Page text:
King County recently approved a permit to install a 10-acre commercial kelp farm at the edge of the Fern Cove Nature Preserve.
If the project can secure a permit from the US Army Corps of Engineers (USACE) and a lease from the state Department of Natural Resources (DNR), Fern Cove will have a rectangular grid the size of 10 football fields floating some 1,200-1,500 feet from the mouth of Shinglemill Creek for at least 12 years.
The anchored grid will feature three miles of surface and subsurface ropes and more than 150 floats and buoys, including eight, four-foot-tall navigational buoys equipped with white lights that flash every six seconds and are visible for 2.6 miles.
I have lived in Fern Cove for 22 years, which makes me one of the more recent residents. A cohort of 35-plus neighbors and friends from Cedarhurst Road, Burma Road and the Kitsap Peninsula have appealed the County’s permitting decision.
Our nonprofit group, the Fern Cove Preservation Alliance, objects for a variety of reasons, but each of them is rooted in one fundamental truth: Fern Cove is a special place and should be treated as such.
The County, inexplicably, chose a fast-track review process that didn’t allow for any public hearings on this controversial, precedent-setting commercial venture. The County also failed to attach any conditions to the permit.
So, no Environmental Impact Statement, no monitoring, no oversight, and no plan or effort to track and assess the impacts, positive or negative, on resident and migratory shorebirds, bald eagles, osprey, endangered orcas, porpoises, seals, salmon and otters, or on the humans who live near, visit and cherish the Fern Cove Preserve.
How careless of the County to be so casual with this rare and precious place, which was purchased with public funds and which the County itself has deemed “historic and iconic.”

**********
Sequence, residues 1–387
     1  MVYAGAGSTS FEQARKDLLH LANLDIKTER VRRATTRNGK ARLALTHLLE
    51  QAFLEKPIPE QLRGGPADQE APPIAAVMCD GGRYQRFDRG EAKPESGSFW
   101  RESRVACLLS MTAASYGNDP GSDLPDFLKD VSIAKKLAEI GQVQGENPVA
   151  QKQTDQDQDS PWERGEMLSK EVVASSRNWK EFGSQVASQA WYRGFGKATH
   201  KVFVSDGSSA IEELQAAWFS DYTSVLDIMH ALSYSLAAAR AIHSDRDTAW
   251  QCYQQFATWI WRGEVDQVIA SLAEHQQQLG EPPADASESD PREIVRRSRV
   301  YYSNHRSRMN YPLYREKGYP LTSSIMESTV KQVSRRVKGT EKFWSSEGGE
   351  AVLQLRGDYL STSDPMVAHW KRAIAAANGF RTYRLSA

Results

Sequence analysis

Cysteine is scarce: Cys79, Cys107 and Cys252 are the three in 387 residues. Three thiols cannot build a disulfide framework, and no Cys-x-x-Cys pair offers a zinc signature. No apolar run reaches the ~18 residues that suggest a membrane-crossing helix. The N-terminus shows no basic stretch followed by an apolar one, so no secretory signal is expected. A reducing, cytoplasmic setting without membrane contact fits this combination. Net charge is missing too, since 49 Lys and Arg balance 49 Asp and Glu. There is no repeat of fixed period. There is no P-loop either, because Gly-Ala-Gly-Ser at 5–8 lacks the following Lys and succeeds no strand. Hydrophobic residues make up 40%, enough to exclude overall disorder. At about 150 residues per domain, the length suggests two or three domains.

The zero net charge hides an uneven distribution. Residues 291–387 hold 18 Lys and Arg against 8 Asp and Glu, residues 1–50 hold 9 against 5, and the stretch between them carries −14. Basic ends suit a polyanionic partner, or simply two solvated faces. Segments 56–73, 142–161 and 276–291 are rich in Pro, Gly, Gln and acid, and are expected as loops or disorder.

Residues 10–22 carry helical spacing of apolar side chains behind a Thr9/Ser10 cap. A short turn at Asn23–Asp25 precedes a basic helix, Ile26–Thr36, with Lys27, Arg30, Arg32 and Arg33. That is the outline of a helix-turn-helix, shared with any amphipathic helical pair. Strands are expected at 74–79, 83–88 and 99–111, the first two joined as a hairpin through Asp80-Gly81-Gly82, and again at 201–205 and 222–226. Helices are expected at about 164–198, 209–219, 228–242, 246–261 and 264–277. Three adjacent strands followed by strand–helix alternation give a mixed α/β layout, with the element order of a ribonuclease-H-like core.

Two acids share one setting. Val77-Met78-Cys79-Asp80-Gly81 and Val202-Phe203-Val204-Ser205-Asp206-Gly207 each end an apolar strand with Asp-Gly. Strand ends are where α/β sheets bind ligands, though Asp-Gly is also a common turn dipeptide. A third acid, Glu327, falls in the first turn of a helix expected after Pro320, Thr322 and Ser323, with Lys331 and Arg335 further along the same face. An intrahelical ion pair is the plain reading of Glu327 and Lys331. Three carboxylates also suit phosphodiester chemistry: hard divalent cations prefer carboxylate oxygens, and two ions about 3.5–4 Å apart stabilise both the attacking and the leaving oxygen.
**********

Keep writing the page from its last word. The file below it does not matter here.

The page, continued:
That’s the question that baffles me. Surely there are more appropriate places in Puget Sound for a 10-acre commercial kelp operation. More secluded nooks that aren’t home to a beloved nature preserve and generations of families. Is the “historic and iconic” Fern Cove Preserve, indeed is any nature preserve, really the best place for a business venture that seeks to privatize 10 acres of public aquatic lands for 12 years, and perhaps far longer given the current enthusiasm (and lobby) around commercial aquaculture — more proposals are in the pipeline — and the fact that a lease can be renewed or transferred?
“Why does no one simply state the big picture?” asked one Fern Cove neighbor recently: “‘What is Fern Cove? Is it a pristine area to be preserved as is? Or, is it an aquaculture farming commercial waterway?’”
As our name suggests, the Fern Cove Preservation Alliance is pushing for preservation.
We hope that the USACE and DNR and all the agencies responsible for making decisions about our public lands and dollars will consider an alternate site; or an experimental designation that attaches limits and conditions to any permit or lease; or, at the very least, an open-minded and public discussion about how best to evaluate and lessen potential impacts.
If you’d like more information, feel free to email us at firstname.lastname@example.org.
Mary Bruno is a longtime islander and author who writes frequently on water issues.